Re-Imagining The GPU

How a basic processing element is being transformed by RISC-V, partitioning and inferencing.


John Rayfield, CTO at Imagination Technologies, sat down with Semiconductor Engineering to talk about RISC-V, AI, and computing architectures. What follows are excerpts of that conversation.

SE: What your plans are for RISC-V?

Rayfield: We’re actively finalizing the integration of RISC-V cores into future-generation GPUs. That work has been going on for several months. Moving forward, we’re leveraging RISC-V inside our IP blocks in the GPU, and very likely into other IPs such as connectivity. Traditionally we’ve used a mix of things. Imagination historically has had a proprietary core called META. But also, through a brief marriage with MIPS, some of the existing products shipped with MIPS cores. We’re in the process of moving all of these over to RISC-V as a part of our product strategy. We see RISC-V as a very big space that is gaining a lot of traction. We see it in our customer base alongside our other IPs. And, of course, our IPs will include it, as well. A number of entities are leveraging RISC-V and licensing RISC-V processor cores. We’re partnering with people in this space, such as SiFive. We’ve got our IP set up to work alongside SiFive cores in many cases, and we’ve got joint customer engagements going on.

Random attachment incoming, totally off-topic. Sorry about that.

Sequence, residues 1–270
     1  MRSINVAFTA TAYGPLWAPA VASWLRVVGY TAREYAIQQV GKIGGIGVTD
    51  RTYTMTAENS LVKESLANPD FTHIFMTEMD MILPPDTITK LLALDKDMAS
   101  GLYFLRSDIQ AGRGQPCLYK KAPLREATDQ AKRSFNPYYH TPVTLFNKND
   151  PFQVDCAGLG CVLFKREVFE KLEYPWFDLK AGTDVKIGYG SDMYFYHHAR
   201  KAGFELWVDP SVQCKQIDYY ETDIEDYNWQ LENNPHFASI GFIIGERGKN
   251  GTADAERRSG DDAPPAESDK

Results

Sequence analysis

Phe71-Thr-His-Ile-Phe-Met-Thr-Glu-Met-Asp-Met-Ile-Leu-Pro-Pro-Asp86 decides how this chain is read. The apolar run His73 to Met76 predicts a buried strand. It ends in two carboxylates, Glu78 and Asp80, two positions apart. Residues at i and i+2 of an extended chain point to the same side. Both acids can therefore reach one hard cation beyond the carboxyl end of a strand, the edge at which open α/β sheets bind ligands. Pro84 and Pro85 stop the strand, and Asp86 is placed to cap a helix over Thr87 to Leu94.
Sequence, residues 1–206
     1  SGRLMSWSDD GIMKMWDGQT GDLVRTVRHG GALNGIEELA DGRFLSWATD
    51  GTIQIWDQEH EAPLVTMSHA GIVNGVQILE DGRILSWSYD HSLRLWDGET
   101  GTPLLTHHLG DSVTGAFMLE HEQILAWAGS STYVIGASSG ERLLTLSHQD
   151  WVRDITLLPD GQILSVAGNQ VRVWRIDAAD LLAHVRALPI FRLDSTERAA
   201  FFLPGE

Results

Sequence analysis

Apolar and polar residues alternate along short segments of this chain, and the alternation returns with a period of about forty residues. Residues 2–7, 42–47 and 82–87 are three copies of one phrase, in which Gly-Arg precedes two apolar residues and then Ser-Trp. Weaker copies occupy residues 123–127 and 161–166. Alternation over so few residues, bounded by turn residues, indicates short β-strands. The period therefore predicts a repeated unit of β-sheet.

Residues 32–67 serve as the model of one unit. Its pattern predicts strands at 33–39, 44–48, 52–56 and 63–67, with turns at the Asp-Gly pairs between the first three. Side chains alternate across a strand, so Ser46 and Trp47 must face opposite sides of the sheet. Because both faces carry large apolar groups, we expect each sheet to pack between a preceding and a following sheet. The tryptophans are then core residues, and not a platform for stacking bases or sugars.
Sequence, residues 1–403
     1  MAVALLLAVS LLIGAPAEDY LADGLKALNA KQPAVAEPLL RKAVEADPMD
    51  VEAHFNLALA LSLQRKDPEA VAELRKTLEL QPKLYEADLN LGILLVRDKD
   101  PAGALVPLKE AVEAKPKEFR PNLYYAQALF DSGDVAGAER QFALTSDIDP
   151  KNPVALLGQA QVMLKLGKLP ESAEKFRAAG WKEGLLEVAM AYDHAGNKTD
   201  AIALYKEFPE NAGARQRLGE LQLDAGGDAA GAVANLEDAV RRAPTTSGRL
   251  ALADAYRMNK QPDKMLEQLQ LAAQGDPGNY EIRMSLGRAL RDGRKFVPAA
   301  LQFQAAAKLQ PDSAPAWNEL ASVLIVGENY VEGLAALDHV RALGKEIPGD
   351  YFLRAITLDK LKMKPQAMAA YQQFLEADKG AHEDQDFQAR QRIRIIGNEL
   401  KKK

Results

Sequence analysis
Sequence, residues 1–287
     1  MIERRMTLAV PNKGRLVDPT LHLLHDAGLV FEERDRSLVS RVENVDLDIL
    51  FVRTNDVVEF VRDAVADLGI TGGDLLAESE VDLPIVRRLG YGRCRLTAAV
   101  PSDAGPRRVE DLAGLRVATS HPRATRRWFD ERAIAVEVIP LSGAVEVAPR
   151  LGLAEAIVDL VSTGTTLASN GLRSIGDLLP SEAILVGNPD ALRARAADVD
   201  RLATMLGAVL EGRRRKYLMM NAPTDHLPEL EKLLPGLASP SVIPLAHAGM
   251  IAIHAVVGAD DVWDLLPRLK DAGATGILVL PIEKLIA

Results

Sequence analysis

SE: Is a lot of the business in China, or is it scattered around the rest of the world, too?

Rayfield: It’s pretty well distributed. Less than 50% of our business is in China, but China is becoming an increasingly large market for us.

SE: There has been a lot of talk about China setting up its own separate supply chain with RISC-V as one of the key components. In fact, the RISC-V Consortium has now moved to Switzerland to be free of any trade-war constraints. How does that impact RISC-V adoption?

Rayfield: That’s not entirely clear, but the fact that RISC-V is an open architecture is beneficial for all of us. It does provide more freedom. We’re a participant in the RISC-V Foundation, and we are participating more actively over time. Building a big software ecosystem depends on things being very stable, so it is important that there’s control over the architecture even though it’s flexible. If you look at the embedded processor landscape, over the years it has become very polarized around Arm. There is an appetite for having some competition in that space. We’re seeing people pick up on RISC-V because of that. And that’s in China, but also outside of China. We see it having a lot of traction in the West, particularly in what I describe as deeply embedded sockets rather than necessarily opening customer-facing sockets — although that’s also changing over time.

SE: Is there a pressure to start producing hard IP for some of the advanced packaging? The power/performance benefits of scaling are diminishing, so many chipmakers are looking at architectural improvements to make up for that. Chiplets are the latest development.